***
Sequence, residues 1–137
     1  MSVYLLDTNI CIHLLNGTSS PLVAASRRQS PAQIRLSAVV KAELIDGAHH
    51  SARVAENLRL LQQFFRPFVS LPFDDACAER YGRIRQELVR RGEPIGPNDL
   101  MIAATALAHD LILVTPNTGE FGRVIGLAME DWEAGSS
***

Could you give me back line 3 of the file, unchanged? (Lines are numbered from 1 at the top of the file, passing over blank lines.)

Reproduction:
    51  SARVAENLRL LQQFFRPFVS LPFDDACAER YGRIRQELVR RGEPIGPNDL